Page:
The idea of older men hopping around for a couple minutes is certainly a strange one!  But any weight-bearing exercise we know will be useful and this is probably a good exercise for balance, too.  Now I learn something new every day and I learnt yesterday that we loose about one percent of our natural balance every year after the age of about 35.  So by the age of 65 we’ve lost about 30 percent of our natural balance. When we do exercises, such as hopping on one leg, this is going to help our balance and that’s good because preventing osteoporosis isn’t just about keep your bones strong, it’s about preventing falls. So I think hopping is going to achieve both these objectives.

Can you see this catching on so that we become a nation of hoppers? Or perhaps we can all start skipping again, which sadly we seem to stop doing after the age of ten or eleven?

Well this sort of movement is important for the skeleton at any age. Having met recently the UK skipping champion I was astonished to find how many different ways there are to skip and how well coordinated you have to be to do it. So I think, yes, let’s have more skipping going on.

And, on mentioning children, it’s been announced that some of the leading supermarkets are withdrawing popular children’s sugary drinks and introducing their own-brand no-added-sugar alternatives.

I’m very pleased to hear this. The voluntary code that the food industry said they would embrace to try to reduce the sugar content of drinks was given lip service only, really, because drinks today are still jam-packed full of sugar quite unnecessarily—in most fruit drinks as well as fizzy drinks. I applaud any supermarket willing to take off profitable lines in order to help with the epidemic in childhood obesity that we see today.

Do you think that food packaging should make plainer the sugar content in particular and the additive content in general? A professor at Oxford University has said that the EU has failed miserably to come up with a labelling system that will help consumers make healthy choices.

Yes, I agree that we need the messages to be really simple. Although the ‘traffic light system’ is not everyone’s favourite, if we could see red, amber or green, for fat and sugar, it would make life very much simpler for people who really don’t understand how many calories there are in a gram of fat or in carbohydrate or in protean. And I think we should have the same system on alcoholic drinks because, believe it or not, alcoholic drinks are exempt from showing how much sugar they contain. So a bottle of wine, for example, can contain hundreds of calories that people are unaware of.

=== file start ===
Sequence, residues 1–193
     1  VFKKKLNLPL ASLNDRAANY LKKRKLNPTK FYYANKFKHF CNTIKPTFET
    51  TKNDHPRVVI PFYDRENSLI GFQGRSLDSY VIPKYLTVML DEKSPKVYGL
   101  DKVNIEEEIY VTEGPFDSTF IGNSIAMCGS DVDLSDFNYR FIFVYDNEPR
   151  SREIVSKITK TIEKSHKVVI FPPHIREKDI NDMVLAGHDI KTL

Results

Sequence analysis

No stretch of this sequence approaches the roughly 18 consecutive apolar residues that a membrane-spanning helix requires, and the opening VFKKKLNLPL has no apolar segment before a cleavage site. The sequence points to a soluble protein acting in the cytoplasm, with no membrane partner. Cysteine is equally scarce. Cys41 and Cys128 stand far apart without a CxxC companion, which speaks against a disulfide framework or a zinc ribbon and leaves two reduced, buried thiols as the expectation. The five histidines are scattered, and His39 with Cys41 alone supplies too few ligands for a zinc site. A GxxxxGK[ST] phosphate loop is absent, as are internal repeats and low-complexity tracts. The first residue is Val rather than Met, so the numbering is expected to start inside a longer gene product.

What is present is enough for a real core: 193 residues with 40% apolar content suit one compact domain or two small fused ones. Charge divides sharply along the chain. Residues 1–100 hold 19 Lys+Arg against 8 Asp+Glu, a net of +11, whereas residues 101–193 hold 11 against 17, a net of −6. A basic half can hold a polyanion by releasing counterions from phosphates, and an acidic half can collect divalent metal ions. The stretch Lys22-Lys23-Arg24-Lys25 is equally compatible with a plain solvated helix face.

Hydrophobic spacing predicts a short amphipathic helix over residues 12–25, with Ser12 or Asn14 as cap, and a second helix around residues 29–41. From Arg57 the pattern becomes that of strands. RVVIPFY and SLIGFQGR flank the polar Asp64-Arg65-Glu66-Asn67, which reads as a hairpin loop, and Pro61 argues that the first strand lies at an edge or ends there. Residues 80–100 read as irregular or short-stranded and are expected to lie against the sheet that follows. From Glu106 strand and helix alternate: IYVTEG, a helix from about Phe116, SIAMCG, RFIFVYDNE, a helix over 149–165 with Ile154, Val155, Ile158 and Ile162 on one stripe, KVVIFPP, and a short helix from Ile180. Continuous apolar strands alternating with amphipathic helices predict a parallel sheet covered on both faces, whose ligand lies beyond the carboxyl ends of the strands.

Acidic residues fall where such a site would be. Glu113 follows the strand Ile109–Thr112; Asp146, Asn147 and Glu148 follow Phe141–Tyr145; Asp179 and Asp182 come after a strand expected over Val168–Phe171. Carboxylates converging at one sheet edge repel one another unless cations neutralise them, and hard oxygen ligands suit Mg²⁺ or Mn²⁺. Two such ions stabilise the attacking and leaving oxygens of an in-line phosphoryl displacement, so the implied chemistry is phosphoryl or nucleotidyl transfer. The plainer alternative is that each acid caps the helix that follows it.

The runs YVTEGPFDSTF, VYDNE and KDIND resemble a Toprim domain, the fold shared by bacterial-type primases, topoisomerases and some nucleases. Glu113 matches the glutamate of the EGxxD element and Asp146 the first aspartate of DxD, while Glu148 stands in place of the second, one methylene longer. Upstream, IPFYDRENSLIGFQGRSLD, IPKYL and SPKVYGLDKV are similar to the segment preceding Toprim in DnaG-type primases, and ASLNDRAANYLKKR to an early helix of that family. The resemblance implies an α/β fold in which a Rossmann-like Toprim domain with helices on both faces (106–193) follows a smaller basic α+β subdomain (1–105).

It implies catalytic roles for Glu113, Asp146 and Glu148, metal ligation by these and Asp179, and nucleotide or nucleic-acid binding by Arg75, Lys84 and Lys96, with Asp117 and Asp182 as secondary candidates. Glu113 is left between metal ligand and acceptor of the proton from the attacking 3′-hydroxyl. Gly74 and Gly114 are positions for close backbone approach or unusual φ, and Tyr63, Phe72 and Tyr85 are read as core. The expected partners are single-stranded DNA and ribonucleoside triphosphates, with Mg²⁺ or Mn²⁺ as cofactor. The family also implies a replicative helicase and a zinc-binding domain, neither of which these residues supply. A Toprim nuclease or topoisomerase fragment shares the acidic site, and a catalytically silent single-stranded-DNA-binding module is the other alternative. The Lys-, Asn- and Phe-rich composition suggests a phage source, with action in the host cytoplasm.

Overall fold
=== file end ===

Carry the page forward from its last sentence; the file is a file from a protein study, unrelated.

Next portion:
1. Regular fun exercise. Something you enjoy doing with other people, perhaps, that isn’t a chore but is invigorates you both physically and mentally. It could be dancing, mountaineering, windsurfing, tennis, it doesn’t matter what it is as long as you’re using your body and your brain and having fun at the same time. This, I think, is better than any prescription any doctor could ever write.
  2. Enjoy varied food that tastes wonderful and is healthy. Try to devote a couple of months to overcoming the addiction that most people have to sugar. Cut back on salt and enjoy the more subtle flavours that the Mediterranean diet embraces.
  3. Keeping a positive mental attitude and (a cliché maybe) making sure you’re happy—happy at work, happy in your relationships, happy in the things that you do. Look after your own happiness and get rid of things that make you unhappy.
  4. Work—we all spend a lot of our lives working, so that work should be constructive and valued, in a work environment where we’re nice to our colleagues and they’re nice to us.
  5. Sleep—I think sleep is over-rated. If your mental attitude is that you enjoy your work and your life, whatever sleep you can get is going to be sufficient.
  6. Finally, value the health screening that’s on offer. We’ve learnt recently that too many women aren’t having the health screening that they should have and many are developing cancers, particularly, that could be spotted early and cured. And both men and women should have annual health checks.